I think what really drives me is talking to customers. We’re really focused on what customers want, what customers need. Sometimes we are even trying to figure out what to take away from a customer’s experience to make it better. We are constantly having conversations about ways to approach customers and tables and how we should treat everybody as an individual. For instance one of the things that we have been talking about recently is how do we approach a table of elderly customers differently to a table of young people. I think gone are the days of restaurants being too formal. People come to restaurants much more frequently than they used to and I think we need to adjust to that and I think it draws parallels to the food as well. So that’s how we are changing all the time, trying to gauge what are customers want, and that’s what guides us.

Do you find that customers want more than a culinary experience, but also an emotional experience?

I think what is really important is hospitality. It sounds crazy, but I think lots of restaurants get that bit wrong. We are open because we want to serve customers and we enjoy serving them. I don’t want my guests to feel like they are lucky to be there, I want my guests to feel like we are happy to have them there.

Is that a piece of advice that you might pass on to the contestants?Yes, it’s something that I tell my young chefs all the time. You can be the best chef in the world but if you don’t care about your customers you will have an empty restaurant. That’s the one thing I try to get across to my guys, that by the time they leave me they go away saying, “The Ledbury changed the way I think about restaurants,” not just, “It’s the best food I’ve ever cooked.”

Why is sourcing top quality ingredients from small-scale suppliers so important to you?

I’ve changed the way I think about a lot of this stuff. At The Ledbury we don’t use any grain fed beef. We only use native breeds that eat grass, the way it’s meant to be. Although there are probably a lot of producers in Australia that are good at doing grain fed beef and combining that with grass. I think that I enjoy the flavour of grass fed beef and lamb. And I love that ‘free range’ approach to meat. That’s one consideration for me.

You were tutored by top chefs in Sydney and the UK – what knowledge do you hope to share with the MasterChef contestants?

One of the really important things I want to impress on them is to taste their food as they’re cooking. It is amazing how many young people don’t taste what they cook. You have to taste every single thing you do. It helps train your palette and helps fine tune the amounts of seasoning you put into your dish. Another thing I try to teach them is to really think about how they are cooking. Sometimes you see guys cooking and they are a bit messy, they’re not quite perfectly organised but they produce the most beautiful and delicious food. That’s the most important thing. I can forgive someone who is a little less organised then someone else if the food they are producing tastes great.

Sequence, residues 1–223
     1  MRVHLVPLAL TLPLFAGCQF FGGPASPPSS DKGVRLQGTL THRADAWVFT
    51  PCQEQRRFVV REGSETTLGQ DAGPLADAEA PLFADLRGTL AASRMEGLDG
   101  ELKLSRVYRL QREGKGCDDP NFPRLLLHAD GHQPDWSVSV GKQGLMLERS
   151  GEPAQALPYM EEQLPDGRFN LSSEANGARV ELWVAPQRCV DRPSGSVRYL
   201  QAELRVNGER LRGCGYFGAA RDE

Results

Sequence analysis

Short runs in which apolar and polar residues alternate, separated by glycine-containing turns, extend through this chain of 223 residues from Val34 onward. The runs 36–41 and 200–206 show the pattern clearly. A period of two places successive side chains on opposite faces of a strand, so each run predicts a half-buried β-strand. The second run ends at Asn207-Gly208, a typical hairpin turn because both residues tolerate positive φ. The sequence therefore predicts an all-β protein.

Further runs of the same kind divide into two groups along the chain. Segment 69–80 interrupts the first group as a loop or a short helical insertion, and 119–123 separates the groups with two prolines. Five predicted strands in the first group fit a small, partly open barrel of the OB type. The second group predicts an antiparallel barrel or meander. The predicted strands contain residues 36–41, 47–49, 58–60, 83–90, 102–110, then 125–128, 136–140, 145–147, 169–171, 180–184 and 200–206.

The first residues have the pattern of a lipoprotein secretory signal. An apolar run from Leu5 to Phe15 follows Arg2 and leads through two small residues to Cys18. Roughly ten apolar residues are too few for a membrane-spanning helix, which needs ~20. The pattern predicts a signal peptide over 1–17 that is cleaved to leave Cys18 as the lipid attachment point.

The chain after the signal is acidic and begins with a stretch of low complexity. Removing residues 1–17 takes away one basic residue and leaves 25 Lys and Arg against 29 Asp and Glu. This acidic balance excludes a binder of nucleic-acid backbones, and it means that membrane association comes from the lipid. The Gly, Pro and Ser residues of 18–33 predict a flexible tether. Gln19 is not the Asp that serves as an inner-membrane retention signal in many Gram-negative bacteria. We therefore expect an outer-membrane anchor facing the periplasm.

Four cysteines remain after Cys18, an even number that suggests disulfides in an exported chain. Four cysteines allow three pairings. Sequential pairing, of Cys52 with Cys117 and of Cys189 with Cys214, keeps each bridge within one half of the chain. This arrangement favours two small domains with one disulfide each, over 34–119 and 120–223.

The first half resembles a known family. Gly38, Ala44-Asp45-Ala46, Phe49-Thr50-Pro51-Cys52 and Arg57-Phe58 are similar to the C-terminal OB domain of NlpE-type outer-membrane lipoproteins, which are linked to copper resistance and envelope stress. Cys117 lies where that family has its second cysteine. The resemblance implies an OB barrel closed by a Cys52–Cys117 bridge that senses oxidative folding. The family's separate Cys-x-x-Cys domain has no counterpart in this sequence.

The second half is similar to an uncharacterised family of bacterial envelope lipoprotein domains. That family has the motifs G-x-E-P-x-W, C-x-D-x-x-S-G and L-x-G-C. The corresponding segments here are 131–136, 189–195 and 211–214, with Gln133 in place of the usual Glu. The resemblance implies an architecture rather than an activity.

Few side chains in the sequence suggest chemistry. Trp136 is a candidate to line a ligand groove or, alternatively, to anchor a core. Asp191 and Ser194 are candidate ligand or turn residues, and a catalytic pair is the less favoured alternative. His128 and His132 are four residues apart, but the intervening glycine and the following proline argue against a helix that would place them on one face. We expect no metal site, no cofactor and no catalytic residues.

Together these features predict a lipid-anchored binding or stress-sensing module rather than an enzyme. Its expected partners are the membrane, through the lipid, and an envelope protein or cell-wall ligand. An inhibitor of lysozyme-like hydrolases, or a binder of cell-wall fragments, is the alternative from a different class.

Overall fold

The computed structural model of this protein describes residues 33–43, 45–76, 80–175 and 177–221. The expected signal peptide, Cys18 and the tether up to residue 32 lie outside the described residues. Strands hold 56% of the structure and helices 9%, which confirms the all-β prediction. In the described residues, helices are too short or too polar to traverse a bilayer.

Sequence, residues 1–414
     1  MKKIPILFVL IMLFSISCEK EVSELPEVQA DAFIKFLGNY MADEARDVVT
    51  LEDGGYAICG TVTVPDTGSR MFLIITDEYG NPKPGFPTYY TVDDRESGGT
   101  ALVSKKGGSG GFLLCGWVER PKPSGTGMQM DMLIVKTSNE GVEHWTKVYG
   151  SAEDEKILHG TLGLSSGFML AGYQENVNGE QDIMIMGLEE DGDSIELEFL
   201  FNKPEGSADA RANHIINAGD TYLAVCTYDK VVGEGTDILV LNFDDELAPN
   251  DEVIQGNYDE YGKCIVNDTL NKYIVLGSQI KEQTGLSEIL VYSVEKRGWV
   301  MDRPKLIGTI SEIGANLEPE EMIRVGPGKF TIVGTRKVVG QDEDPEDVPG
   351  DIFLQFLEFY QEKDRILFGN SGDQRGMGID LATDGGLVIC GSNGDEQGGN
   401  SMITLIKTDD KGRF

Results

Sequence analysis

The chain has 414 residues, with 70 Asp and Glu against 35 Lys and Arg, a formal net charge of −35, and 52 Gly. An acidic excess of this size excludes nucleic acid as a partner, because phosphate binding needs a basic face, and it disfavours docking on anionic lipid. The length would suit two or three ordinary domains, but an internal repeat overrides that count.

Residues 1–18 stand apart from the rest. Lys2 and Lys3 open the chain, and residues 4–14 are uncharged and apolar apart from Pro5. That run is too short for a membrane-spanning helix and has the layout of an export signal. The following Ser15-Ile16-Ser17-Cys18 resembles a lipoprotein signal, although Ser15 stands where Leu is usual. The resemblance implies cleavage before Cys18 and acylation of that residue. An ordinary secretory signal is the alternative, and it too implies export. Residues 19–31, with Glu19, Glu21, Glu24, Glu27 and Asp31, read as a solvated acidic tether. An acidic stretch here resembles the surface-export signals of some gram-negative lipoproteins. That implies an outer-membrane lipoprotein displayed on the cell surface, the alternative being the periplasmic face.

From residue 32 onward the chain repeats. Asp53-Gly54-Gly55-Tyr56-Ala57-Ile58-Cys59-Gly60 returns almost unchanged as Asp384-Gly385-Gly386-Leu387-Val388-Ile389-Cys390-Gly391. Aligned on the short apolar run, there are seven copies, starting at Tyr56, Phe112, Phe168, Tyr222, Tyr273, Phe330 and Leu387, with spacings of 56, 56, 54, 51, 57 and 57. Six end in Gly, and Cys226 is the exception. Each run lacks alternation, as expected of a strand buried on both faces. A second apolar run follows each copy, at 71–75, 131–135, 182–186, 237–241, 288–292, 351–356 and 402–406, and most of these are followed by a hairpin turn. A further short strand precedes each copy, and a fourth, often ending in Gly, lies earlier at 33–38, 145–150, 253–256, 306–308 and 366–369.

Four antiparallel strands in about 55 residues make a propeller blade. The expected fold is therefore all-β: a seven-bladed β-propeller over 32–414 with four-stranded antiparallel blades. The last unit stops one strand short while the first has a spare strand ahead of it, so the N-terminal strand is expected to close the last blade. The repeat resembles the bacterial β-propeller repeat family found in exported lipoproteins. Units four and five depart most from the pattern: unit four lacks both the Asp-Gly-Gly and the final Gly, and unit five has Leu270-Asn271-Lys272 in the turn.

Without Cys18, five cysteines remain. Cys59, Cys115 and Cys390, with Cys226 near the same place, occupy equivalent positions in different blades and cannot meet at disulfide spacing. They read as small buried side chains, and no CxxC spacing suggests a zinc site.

What one piece of advice would you give to this years’ contestants?

If you want to be a great cook and you are in this competition, use it as an experience for you to try and take your career forward. Don’t go too quick. Take your time, maybe do an apprenticeship, start at the very bottom. Take your time and learn from the best.

When you were a child, what was your favourite thing to eat?

It’s quite a weird thing, I think it’s more of a food memory, but it would have to be a smoked oyster on a Jatz cracker. I remember my dad giving me one and I was absolutely amazed at how it tasted.

Describe what you would eat if you could choose your last supper:

It would be three teal, which is a type of wild duck, cooked in brown butter and served with a napkin.

If you could only own one cookbook, which one would it be?

The Great Chefs of France by Quentin Crewe. Published in 1978.

What three things do you always have in your pantry?

Goats milk butter, leftover sourdough from the restaurant and good quality sherry vinegar.

Your friends are coming over in 30 minutes, what do you cook for them?

I would cook them a warm salad of new potatoes, with smoked mackerel watercress and horseradish.

What foods can’t you live without?

Wild mushrooms and venison.

Can you describe your most memorable meal?

I had my 30th birthday with my dad at Noma [in Copenhagen], which was amazing. René Redzepi [the head chef] is so well known around the world and he is a fabulous chef who knows a lot about food at a different level to most other cooks.

What’s your favourite comfort food?

Once or twice a year I’ll eat a frozen fish finger sandwich on soft white bread with cold tomato sauce and iceberg lettuce. Or a Cornish pastie.